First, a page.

Another famous maker was Julien Leroy, born in 1686 into a family of clock-makers whose ancestor Jacquemart was already producing clocks in 1404. He also designed many inventive models.
Gilles Martinot, born in 1622, produced elaborate clocks for the French court. His son Henri made a piece in the shape of a celestial globe, which indicated the movements of the sun, and of the moon as well as an 8-day repeating clock. Jérome Gaulard, also of the Martinot family, who worked during the second half of the 17th Century, also produced some interesting timepieces, including an impressive clock indicating sunrise and sunset, the days of the month and world time dial with moving celestial spheres for which he received 500 gold coins from the King in 1701.
Another great maker of the Martinot dynasty was Balthazar the Elder, born in 1636, who worked for the Queen and produced repeating clocks.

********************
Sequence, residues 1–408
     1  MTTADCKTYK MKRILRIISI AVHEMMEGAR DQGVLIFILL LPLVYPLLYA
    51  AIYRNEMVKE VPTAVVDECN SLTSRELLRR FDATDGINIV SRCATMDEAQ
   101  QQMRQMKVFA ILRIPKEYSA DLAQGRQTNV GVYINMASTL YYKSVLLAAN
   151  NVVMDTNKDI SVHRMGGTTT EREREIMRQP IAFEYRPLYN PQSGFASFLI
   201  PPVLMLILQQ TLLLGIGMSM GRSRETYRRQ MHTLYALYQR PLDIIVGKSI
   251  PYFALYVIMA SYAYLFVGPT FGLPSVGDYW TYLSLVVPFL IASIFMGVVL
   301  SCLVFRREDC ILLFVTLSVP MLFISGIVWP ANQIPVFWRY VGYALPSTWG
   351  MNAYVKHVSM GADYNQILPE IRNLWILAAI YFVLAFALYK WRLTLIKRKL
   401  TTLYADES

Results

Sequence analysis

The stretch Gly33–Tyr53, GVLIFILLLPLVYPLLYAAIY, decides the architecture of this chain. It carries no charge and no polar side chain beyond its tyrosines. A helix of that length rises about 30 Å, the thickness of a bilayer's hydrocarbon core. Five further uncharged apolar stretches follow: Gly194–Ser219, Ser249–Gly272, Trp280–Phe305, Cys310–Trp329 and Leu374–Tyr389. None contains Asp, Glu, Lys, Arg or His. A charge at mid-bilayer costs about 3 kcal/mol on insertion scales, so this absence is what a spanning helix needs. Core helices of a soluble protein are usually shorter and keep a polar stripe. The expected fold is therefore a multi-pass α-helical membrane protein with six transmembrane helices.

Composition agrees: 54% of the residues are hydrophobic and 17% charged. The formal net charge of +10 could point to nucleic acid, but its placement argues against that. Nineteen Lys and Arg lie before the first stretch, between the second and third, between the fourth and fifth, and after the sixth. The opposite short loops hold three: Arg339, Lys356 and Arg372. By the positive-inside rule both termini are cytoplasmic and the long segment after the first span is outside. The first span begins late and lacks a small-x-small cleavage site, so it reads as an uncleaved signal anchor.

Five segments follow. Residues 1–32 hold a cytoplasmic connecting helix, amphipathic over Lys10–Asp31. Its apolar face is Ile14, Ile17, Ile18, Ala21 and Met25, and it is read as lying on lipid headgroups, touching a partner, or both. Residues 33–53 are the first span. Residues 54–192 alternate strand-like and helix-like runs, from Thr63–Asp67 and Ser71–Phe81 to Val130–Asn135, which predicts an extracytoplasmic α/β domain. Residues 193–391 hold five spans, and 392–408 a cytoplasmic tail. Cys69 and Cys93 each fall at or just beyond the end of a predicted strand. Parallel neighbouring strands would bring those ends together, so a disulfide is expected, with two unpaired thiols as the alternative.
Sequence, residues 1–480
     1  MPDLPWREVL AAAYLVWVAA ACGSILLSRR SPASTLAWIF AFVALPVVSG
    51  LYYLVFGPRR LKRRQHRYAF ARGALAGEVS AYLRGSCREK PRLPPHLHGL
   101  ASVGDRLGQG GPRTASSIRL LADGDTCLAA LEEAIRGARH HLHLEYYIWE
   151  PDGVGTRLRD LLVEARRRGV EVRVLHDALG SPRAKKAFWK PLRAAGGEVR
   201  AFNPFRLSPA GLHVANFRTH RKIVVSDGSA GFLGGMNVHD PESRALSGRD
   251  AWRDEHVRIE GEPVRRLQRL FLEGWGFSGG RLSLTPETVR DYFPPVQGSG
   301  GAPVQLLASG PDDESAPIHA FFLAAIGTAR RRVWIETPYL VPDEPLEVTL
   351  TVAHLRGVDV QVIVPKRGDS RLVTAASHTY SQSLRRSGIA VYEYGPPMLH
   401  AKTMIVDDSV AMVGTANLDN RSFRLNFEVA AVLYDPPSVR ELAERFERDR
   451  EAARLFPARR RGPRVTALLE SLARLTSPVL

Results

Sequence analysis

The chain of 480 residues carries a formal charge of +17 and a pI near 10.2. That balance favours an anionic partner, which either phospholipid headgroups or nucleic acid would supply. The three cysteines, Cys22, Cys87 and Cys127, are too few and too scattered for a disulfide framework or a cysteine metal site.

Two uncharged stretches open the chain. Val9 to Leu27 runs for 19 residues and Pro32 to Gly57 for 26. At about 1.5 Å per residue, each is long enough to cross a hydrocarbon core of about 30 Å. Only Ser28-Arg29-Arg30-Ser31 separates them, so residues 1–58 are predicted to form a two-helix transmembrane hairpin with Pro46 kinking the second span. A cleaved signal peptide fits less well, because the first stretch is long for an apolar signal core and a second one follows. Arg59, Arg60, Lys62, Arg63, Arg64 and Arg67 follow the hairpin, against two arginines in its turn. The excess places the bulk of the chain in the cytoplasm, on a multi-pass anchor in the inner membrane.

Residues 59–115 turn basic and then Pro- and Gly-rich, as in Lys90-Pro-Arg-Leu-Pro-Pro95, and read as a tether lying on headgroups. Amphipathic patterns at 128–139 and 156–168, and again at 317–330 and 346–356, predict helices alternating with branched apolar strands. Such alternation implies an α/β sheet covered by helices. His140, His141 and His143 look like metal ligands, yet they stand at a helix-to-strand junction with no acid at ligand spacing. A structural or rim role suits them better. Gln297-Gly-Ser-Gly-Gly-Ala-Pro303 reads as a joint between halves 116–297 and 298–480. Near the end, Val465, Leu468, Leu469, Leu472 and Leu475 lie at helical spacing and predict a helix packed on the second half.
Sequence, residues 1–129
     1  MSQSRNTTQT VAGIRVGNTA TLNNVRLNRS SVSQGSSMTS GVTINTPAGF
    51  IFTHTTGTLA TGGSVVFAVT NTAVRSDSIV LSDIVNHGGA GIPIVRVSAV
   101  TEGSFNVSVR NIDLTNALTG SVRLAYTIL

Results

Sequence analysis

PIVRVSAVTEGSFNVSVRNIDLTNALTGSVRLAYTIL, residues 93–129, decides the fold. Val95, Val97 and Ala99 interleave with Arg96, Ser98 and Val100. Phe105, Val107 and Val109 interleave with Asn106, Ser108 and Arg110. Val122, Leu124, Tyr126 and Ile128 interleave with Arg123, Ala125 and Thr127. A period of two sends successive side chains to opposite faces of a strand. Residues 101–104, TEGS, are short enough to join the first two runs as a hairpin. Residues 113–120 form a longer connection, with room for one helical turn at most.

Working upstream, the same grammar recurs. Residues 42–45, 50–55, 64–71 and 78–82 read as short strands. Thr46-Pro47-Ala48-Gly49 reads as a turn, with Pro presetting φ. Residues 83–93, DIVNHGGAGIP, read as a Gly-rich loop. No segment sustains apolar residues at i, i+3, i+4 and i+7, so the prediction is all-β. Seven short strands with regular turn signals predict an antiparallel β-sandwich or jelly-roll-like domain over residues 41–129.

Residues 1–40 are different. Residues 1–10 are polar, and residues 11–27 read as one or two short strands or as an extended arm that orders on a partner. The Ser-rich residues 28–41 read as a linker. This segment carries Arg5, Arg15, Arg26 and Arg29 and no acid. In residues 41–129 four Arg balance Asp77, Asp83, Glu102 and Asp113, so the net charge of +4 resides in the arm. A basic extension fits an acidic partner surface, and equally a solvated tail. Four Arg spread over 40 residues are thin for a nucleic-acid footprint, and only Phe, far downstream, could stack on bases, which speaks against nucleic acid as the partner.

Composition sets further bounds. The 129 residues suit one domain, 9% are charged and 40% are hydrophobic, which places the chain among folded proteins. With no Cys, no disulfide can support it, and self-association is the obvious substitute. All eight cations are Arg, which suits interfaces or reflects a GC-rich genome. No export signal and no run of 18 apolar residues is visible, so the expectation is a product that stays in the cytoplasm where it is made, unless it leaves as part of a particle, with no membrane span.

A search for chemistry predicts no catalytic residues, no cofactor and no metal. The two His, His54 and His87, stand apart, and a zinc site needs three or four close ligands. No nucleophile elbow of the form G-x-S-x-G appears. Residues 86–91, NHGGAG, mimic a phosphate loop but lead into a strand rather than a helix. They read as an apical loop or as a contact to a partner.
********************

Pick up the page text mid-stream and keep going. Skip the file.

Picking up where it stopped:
One of the first known makers was Pierre Merlin, who worked for the King of France in 1372. One of his clocks worked during 400 years until the church tower in which it was installed was destroyed in 1813.
In 1689, Louis XIV's son, heir to the throne of France, possessed ten clocks including one gilt silver piece inlaid with diamonds and rubies. In 1787, King Louis 16th had 161 clocks while his wife Marie-Antoinette possessed 45 pieces.
There were many dynasties of famous clock-makers between the 16th and 19th centuries such as Martinot, Gribelin, L'Allemand and Thuret during the reign of Louis 14th, Julien Le Roy, Caron, Filleul, Ageron, Juhel, Bailleul and Caranda during the reign of Louis XV, Janvier, Robin, Lépine, Roque, Lepaute, Montjoye, Manière, Berthoud, Charles Le Roy, Godon, Sotiau under that of Louis 16th while Bréguet pursued his achievements under that of Napoleon the First.
«A Mahogany and ormolu-mounted
month-going solar striking longcase
regulator with equation and full calendar by Jean-André Lepaute, Paris
(Value : US $ 70,000- 100,000)»